Michael Geist has been blogging for a few weeks now about the return of the copyright bill, its “constitutionally suspect” protection of digital locks, and its widespread public opposition. It gets tabled tomorrow.
So, let’s get this straight:
Despite the resounding criticism of industry, educators, and the public;
despite the leaked cables that show the Canadian government actively catering to US interests;
despite Supreme Court rulings that uphold a “large and liberal” interpretation of fair dealing;
despite the government’s own acknowledgment that digital locks aren’t subject to copyright protection;
despite the availability of a simple solution to resolve public concerns and uphold WIPO obligations (the lawful-use circumvention clause);
and despite the adoption of similar solutions by other states like the UK and even the USA itself —
The Heritage Minister @jamesmoore_org and the Harper regime are still determined to push through a copyright bill that outlaws breaking digital locks on copyrighted content and devices, even when for lawful purposes (of which there are countless examples). In the process, this undemocratic bill will produce a law so absurd that it breeds disrespect for the law generally; it will also criminalize by default large sectors of the citizenry.
Perhaps that is precisely the point: so that — at a time when crime rates are at their lowest point in 40 years — a government which prides itself for being “tough on crime” can actually create more crime to get tough on.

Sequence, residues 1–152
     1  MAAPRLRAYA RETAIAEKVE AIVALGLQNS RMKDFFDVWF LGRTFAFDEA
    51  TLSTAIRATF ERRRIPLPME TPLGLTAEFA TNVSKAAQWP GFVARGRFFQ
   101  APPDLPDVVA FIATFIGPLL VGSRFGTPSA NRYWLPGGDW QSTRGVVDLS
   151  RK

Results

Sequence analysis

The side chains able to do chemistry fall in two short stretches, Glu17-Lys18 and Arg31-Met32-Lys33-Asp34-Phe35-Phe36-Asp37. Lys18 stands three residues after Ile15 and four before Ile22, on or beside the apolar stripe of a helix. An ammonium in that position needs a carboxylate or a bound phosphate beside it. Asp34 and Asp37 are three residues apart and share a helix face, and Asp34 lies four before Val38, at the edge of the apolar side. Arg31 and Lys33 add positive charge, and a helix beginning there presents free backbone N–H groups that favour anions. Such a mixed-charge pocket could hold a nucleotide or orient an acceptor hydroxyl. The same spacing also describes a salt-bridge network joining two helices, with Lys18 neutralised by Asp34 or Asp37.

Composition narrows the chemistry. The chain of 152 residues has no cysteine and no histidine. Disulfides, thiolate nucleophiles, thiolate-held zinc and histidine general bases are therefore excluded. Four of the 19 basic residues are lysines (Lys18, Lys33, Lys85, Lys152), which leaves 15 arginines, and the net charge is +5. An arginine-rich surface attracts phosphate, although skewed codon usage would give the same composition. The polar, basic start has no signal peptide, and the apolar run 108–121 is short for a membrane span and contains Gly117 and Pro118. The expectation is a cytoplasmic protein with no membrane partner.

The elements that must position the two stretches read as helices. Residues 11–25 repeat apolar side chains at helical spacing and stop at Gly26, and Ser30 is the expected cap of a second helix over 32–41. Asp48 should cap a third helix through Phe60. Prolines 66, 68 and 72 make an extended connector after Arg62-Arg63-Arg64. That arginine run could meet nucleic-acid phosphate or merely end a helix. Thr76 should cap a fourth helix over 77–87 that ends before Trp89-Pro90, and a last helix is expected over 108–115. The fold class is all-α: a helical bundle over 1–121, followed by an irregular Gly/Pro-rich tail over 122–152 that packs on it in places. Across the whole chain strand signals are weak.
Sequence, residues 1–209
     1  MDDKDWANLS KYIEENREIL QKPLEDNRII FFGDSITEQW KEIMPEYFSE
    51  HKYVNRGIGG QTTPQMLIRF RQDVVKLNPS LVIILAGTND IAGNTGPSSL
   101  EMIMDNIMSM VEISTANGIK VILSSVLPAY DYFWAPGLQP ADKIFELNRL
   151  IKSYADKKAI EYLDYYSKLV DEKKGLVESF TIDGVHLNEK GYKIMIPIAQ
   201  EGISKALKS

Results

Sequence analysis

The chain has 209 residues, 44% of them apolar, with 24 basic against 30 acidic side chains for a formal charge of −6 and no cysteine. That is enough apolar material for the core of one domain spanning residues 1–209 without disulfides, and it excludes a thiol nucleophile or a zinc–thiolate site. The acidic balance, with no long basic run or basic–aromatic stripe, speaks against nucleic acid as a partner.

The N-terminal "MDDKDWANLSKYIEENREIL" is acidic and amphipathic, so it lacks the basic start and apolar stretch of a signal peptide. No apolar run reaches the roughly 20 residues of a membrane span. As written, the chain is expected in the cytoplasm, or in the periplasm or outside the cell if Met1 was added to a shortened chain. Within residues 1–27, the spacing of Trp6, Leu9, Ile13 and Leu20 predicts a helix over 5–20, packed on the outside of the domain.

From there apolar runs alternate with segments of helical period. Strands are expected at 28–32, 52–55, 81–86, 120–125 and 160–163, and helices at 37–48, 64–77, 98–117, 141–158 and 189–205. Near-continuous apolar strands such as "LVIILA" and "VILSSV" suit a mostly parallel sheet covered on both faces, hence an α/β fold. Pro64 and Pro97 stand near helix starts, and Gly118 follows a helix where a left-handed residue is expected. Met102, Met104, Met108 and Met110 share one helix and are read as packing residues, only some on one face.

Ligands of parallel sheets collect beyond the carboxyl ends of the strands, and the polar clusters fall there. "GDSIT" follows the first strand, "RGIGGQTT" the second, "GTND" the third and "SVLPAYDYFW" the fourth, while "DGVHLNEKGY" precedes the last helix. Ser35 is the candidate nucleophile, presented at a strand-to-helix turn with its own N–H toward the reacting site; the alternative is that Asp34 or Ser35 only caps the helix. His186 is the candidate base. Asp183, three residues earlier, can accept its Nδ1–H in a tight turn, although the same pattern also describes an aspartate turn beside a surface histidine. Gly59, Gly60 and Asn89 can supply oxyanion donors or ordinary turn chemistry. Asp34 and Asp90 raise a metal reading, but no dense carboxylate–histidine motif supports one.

This week’s developments present another opportunity to remind the citizenry why we should all care about copyright. A comment posted to Geist’s blog by one “Grey Goose” tersely spells out the big, grim picture:
DRM is indirectly about control of networks, and specifically THE network; the Internet, and the very culture of sharing.
Moreover, nations are now arguing in the UN about how to govern and reign in the Internet while 90% of the world is dying from lack of basic information and technology (rain barrels, pumps, agricultural and manufacturing tools, algorithms, and basic psychological strategies for emotional well being – all of which 100% solvable with kindergarten-level ‘sharing’ and kindness).
Meanwhile, in Canada we are happily patenting ideas and, like any good 1st-world nation, crafting laws like these so we can continue to corner markets, bottle access, and sell it to those who are perpetually (axiomatically) desperate. Because, you see, there is no 1st world if there is no 3rd world.
On behalf of every homeless person who starves to death on the curb of a grocery store this winter, I salute you Canada. Bitterness through and through.